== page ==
ATLANTA (AP) Even after the lowest 9-hole score of his career sent Tiger Woods to a 63 at easy East Lake and a three-shot lead going into the weekend at the Tour Championship, no one was conceding him the trophy.
Least of all, Woody Austin.
Austin is a 43-year-old former bank teller who has little in common with Woods except they once were the PGA Tour rookie of the year, Austin in 1995, Woods a year later. A superb ball-striker, Austin is not afraid to call it as he sees it, even if it can be hard to understand.
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Take last month in Tulsa.
Woods seized control of the PGA Championship in the second round at Southern Hills when he tied a major championship record with a 63 despite making pars on the final three holes, the last one catching 270 degrees of the lip. Imagine his surprise when Austin said the following day that he actually outplayed Woods in the second round, even though Austin shot 70.
The latest episode came Friday at East Lake.
Austin put together his second straight round of 65, soured slightly by missed birdie chances inside 10 feet on the final two holes, and he was most disappointed by the prospect of Woods building a big lead.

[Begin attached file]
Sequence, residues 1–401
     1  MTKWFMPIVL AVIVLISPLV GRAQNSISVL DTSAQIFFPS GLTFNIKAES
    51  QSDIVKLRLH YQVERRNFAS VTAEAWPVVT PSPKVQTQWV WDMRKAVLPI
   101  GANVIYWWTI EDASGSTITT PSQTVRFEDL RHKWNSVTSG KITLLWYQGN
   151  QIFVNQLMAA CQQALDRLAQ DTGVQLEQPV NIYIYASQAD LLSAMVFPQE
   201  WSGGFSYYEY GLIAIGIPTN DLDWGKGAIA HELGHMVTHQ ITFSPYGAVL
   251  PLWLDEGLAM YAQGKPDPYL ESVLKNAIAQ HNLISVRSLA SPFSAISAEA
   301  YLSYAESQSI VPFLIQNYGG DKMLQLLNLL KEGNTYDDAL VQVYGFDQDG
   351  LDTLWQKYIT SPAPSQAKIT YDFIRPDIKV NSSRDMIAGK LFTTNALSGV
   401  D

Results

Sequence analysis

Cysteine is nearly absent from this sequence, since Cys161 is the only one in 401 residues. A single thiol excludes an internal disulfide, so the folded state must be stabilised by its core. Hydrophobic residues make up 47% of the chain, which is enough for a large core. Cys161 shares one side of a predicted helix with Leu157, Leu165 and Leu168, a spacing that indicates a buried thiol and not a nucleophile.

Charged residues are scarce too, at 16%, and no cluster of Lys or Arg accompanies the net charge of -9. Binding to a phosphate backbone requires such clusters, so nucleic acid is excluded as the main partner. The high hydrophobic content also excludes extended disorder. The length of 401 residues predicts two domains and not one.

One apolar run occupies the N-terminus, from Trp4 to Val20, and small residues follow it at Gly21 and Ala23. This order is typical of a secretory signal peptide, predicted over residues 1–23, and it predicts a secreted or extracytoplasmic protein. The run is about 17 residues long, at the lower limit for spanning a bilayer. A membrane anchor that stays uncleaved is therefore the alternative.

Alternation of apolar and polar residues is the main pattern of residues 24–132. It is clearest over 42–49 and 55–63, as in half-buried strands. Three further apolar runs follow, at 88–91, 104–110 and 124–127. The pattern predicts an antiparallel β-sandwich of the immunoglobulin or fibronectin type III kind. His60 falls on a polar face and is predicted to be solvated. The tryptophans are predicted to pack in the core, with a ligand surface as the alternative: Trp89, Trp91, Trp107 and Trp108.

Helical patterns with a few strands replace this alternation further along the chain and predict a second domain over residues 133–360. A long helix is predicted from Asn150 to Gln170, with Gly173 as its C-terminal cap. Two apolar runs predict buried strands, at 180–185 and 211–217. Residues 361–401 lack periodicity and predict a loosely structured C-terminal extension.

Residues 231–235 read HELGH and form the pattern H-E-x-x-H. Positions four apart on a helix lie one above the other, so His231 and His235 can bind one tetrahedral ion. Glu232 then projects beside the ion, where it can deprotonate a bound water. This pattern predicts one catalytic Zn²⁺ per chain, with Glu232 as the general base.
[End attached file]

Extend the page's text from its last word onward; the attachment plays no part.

Turns out it was only three shots.
Woods, who raised hopes of a 59 after shooting 28 on the front nine, settled into mediocrity with par golf on the back for a 63 and went into the weekend at 13-under 127, breaking the 36-hole mark at the Tour Championship and his best start since he was at 125 after two rounds at Firestone in 2000. He went on to win that event by 11.
"He's just hard to catch," Austin said. "He's not hard to beat if you're playing as well and you're right there. But if you let him get in front of you, like I said, he's hard to catch."
Not hard to beat?
It was a surprising comment considering Woods has won three of his past four events, twice coming from behind in the final round. And it was unusual to hear because Woods is 65 under par since the British Open. Plus, he is 29-6 on the PGA Tour when he has at least a share of the 36-hole lead. He hasn't spit up a weekend lead in three years.
It was reminiscent of Rory Sabbatini saying that Woods looked "beatable as ever" the week after Woods came from behind to beat Sabbatini in the final round of Wachovia. They played against each other again at Firestone, and Woods won again.
Told of Austin's comments Friday, Woods looked amused.
"Say that again?" he said.